It sort of brought down the entire quality of a story that could have been absolutely amazing in its chaos. It seems to just miss that mark where abstract turns into discernible image. As a result, for me, the book had a lot of potential that remained unrealized.

I wouldn’t say that everyone needs to read Red Dragon. I’m sure you can follow the Hannibal Lecter series even without reading this as he isn’t really the main part. But I’d definitely recommend the book to:

  • people who love serial killer and psychopathic themed books (this is one of the craziest!)
  • people who enjoy dark mysteries
  • people who want to learn what psychopaths can truly be like (it’s got an oddly realistic sense about it)

Let us know what you thought of Red Dragon and/or this review. Drop us a comment below.

– Rishika

 

 

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Review: The Adventures of Tintin, Vol. 1

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Source: Goodreads

Length: 206 pages

My rating: 1.5 out of 5 stars

The Adventures of Tintin, Vol. 1 is the first in the collector’s edition of the series. It contains Tintin in the Land of the Soviets and Tintin in the Congo.

My take:

Let me begin by saying that I absolutely love Tintin comics, which is why I have the collector’s edition in the first place. I’ve read all the comics over the years. But, I had not really read the entire collection in order. Until now.

I picked up Volume 1 because I wanted to start right at the beginning. And let’s just say that if these had been the first Tintin comics I’d ever read, I probably wouldn’t have given the rest of the series a chance.

Tintin in the Land of the Soviets has no story as such and is just page after page of Tintin and Snowy escaping from crazy situations in ridiculous ways. I mean Tintin is famous for getting in trouble and getting away, but these scenarios were plain incredulous and un-entertaining.

Tintin in the Congo is painfully racist and depicts hunting in the most brutish and inhumane manner possible. It still has some story and is closer to the better Tintin comics in a few ways. But by no means is it a comfortable read (I’m pretty sure I actually cringed a couple of times).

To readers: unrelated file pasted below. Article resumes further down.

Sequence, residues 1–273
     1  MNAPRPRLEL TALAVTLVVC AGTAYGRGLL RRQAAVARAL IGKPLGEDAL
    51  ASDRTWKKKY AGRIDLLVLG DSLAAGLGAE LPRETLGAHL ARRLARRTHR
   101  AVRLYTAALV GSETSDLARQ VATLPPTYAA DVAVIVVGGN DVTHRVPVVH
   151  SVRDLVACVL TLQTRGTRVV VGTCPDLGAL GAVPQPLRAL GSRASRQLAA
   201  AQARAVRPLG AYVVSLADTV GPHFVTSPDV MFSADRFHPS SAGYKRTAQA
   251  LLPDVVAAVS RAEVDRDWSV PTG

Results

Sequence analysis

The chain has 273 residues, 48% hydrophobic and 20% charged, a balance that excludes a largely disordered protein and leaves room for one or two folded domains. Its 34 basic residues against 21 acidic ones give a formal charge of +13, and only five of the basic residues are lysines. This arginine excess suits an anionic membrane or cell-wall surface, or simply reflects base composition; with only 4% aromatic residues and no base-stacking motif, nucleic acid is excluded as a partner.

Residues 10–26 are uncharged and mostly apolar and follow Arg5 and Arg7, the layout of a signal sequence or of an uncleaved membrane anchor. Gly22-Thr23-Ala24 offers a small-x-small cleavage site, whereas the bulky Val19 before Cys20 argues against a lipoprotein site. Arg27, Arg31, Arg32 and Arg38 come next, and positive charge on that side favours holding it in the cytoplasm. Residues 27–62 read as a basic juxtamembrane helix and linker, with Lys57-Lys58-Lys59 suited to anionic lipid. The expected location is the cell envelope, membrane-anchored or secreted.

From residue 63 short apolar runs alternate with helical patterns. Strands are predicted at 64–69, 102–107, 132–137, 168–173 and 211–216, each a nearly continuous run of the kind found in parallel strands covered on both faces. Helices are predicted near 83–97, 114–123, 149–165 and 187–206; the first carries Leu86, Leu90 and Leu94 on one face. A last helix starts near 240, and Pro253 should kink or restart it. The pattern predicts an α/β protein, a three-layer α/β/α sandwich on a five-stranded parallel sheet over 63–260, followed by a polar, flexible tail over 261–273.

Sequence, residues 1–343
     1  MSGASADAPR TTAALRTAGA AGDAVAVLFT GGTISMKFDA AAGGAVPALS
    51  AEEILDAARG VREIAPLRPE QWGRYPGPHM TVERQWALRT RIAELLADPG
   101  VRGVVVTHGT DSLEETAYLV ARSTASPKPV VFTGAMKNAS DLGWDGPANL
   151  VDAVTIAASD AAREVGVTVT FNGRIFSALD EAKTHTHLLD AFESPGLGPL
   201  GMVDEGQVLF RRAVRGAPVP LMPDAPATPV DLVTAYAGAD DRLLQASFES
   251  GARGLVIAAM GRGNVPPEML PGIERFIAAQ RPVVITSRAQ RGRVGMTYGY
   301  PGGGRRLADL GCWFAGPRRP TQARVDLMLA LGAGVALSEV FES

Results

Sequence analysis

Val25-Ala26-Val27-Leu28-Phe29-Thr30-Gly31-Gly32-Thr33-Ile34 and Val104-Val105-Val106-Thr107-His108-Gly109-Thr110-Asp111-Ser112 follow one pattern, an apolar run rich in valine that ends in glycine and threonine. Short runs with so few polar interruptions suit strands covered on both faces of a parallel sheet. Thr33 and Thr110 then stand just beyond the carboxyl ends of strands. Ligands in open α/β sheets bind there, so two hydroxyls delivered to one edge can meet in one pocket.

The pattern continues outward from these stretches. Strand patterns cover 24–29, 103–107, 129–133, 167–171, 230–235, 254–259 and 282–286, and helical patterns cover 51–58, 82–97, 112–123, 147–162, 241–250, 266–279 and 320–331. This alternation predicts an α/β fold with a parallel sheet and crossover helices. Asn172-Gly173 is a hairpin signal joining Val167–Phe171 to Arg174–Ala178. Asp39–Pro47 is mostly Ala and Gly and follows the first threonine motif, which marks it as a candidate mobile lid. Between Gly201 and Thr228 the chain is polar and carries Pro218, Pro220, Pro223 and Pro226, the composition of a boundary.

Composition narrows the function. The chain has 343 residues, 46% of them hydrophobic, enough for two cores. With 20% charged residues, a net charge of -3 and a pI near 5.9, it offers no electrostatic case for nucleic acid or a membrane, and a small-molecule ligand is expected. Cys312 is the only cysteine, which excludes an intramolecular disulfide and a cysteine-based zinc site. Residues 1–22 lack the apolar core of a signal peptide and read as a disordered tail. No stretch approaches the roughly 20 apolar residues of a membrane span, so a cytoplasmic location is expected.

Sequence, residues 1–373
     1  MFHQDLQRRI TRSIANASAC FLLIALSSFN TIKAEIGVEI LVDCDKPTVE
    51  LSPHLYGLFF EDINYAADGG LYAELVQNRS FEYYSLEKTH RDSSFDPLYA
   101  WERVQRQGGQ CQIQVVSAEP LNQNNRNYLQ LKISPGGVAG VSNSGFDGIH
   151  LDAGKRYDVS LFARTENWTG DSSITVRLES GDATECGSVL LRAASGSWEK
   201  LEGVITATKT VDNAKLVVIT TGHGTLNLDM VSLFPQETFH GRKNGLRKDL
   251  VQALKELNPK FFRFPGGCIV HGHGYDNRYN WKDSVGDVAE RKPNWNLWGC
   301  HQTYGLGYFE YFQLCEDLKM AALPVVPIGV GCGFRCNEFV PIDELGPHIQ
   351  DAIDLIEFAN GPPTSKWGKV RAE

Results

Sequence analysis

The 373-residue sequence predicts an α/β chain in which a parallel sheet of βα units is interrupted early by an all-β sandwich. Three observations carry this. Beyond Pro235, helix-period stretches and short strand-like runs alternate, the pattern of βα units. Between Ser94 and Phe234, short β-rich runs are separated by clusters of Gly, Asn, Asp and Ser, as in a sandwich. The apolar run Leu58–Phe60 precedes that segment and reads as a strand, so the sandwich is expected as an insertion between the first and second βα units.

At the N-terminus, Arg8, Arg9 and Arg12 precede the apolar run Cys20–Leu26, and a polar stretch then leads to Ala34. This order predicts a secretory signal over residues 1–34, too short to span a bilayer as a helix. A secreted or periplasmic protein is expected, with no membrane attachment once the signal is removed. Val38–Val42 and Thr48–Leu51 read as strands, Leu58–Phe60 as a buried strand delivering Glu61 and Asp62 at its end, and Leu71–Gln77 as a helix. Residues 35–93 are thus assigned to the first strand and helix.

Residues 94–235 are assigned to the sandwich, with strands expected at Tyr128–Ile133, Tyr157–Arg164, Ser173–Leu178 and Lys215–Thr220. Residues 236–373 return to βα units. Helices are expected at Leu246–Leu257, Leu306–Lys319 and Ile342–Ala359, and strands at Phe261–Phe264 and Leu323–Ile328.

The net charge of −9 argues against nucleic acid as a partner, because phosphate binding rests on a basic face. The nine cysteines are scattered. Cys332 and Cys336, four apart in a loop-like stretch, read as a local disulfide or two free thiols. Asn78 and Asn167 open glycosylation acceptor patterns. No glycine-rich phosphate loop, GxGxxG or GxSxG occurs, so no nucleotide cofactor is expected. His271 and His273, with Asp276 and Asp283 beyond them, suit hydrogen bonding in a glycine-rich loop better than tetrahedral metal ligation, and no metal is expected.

Both books within Volume 1 aren’t really enjoyable. The creators have admitted that both books were heavily influenced by beliefs and assumptions of the time during which they were set. They’ve even updated some aspects of the books that just would not have been accepted later. But that still doesn’t make them a great read. And they definitely don’t compare in the least to the books that followed.

If you want to read Tintin then read any other than Tintin in the Congo and Tintin in the Land of the Soviets. The others are surely enjoyable. But the only reason you can consider reading Volume 1 is if you, like me, want to go through all the books in order. That compulsion is the only thing that’ll get you through them.

Leave us a comment below and let us know what you thought about Volume 1 of The Adventures of Tintin.

– Rishika

 

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Review: That Last Weekend (By Laura DiSilverio)

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Source: Goodreads

Length: 312 pages

My rating: 3.5 out of 5 stars

Laurel Muir did not want to accept the unexpected but familiar invitation and return to Chateau du Cygne Noir – the castle turned BnB – for a weekend getaway with her friends. The tragedy that had struck ten years ago had sent those very friends on their own individual paths, the friendship strained, almost broken by what had happened. That event had ended a decade-long tradition of annual weekend getaways, and filled each of their hearts with doubt for each other. Driven by the need to rekindle that friendship and overcome the past, she finds herself accepting the invitation. But the past is not done with them yet. When a murderer strikes, the remaining friends are forced to face the truth – a killer lies in their midst. Thrown once again into a police investigation and with nowhere to go, they decide to uncover the truth this time. But Laurel does not know who to trust as she adamantly takes it upon herself to find answers. And as the skeletons in the closet are slowly exposed, Laurel finds that she may have been too ambitious and that her ambition could cost her her life.

My take:

First off, thanks to NetGalley for an ARC of The Last Weekend. Here is my honest review.

That Last Weekend is a ‘novel of suspense’. And it definitely keeps the suspense. The story is interesting and is filled with twists and turns, most of which you don’t see coming. Set in the present, the story touches upon events of the past through flashbacks. The transitions are smooth and comfortable to follow. They don’t break the flow and, in fact, add some interesting dimensions to the book.